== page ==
Sunday, September 7, 2014
Retro Review: The Conversation (1974)
A Highly Haunting Thriller That Is One To Be Part of the Essential Film 'Conversation'
Sound is something that usually enhances a film-watching experience. It is rare, however, when sound is what drives a film's story. The Conversation is one of those rare films that has sound, like the musical score, driving its story forward and making the film engaging through its sheer simplicity.
The Conversation follows the story of a surveillance expert named Harry Caul (Gene Hackman) who is order to observe a couple and listen to their conversation. However, one thing the man in the couple says is hidden by the sound of music and Harry tries to analyze it. Once he does, he then finds himself more obsessed and feelings of guilt over a past case begin to haunt him.
One thing that I really loved was how the film gives us quite a demonstration of our main character. We see that Harry is not only a recluse by the way he presents himself to others but his home as well. He has no telephone in his house and his front door is padded with locks, which shows just how paranoid he is. Yet the audience isn't very uneasy about being on his side since Gene Hackman makes for a very sympathetic character even though in his guilt-ridden moments, he doesn't play the part for pity. So, Gene Hackman creates a really complex character with Harry Caul. Another actor I'd like to bring up is John Cazale, who plays Harry's partner Stan, who becomes increasingly agitated with Harry's social withdrawal. Cazale plays a character that is a bit sunnier than Fredo from The Godfather, who is much more timid and I thought Cazale had a great supporting presence. It is quite amazing how he had both this and The Godfather: Part II the very same year.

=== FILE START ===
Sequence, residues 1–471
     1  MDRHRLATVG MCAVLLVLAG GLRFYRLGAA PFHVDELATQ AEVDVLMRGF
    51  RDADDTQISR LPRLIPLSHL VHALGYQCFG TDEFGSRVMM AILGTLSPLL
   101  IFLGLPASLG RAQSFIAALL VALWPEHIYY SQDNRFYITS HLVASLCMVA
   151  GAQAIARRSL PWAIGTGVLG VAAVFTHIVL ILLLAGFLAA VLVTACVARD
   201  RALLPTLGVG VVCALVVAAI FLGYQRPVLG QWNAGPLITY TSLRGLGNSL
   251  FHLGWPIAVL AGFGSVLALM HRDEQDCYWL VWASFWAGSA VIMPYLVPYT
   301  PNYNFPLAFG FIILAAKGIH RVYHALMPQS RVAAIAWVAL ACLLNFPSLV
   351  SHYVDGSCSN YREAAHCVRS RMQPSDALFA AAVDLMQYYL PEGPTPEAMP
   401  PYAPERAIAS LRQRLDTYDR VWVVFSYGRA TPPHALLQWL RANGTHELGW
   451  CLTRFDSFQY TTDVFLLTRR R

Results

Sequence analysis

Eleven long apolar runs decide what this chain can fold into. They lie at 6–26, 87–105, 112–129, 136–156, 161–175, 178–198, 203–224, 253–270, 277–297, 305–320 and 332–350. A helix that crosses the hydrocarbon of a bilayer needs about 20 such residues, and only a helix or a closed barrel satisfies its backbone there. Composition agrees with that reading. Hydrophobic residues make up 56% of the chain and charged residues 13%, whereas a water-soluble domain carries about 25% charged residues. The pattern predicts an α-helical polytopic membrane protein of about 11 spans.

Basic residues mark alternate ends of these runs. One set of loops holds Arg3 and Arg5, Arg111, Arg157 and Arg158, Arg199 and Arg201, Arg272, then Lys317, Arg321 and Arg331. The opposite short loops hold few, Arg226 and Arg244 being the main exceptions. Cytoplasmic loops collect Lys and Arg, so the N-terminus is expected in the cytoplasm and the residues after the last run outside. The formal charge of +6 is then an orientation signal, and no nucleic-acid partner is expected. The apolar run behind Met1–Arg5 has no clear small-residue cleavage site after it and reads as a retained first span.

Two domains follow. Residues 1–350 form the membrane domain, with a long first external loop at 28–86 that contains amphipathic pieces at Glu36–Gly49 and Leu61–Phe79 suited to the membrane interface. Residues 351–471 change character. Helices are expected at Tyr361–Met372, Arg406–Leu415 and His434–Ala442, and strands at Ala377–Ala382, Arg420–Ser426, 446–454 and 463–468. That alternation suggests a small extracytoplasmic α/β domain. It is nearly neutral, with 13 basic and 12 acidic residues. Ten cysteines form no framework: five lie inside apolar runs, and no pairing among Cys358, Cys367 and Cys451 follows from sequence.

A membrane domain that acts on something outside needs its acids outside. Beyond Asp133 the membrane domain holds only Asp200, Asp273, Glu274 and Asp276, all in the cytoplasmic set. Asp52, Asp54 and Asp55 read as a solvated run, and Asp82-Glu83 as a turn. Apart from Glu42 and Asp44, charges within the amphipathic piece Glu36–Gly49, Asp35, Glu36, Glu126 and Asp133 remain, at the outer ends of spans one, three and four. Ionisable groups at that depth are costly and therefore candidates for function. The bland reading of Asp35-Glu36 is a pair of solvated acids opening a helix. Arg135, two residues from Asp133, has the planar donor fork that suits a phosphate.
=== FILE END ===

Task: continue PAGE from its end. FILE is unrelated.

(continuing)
I also really liked the film's score by David Shire. It is very haunting and helps the film use sound to drive itself forward. The film is very based on its sound, whether it'd be the musical score or when Harry plays back tapes of the conversations he records. Speaking of which, those are some of my favorite scenes. The scenes where Harry is listening to the main couple's conversation are quite intense since Harry is trying to dig deep into what they are saying and the music helps elevate the suspense. Like I said, the sound is what really helps the film drive. I feel that is because the film has a rather quiet tone yet I would say that kind of tone is what makes this film rather different from other thrillers. Plus, it really gives the film quite a level of unnerving simplicity.
Overall, The Conversation is a rather quietly intense paranoid thriller that features a uniquely commanding performance by Gene Hackman. This film manages to give a haunting feel through the use of its score and tapes played back over and over yet I was just hooked.
Would I Recommend It?
If you are a fan of director Francis Ford Coppola, then I would say absolutely. This is one of his more underrated films and if you like his work or if you like thrillers, I would put this high on your watch list.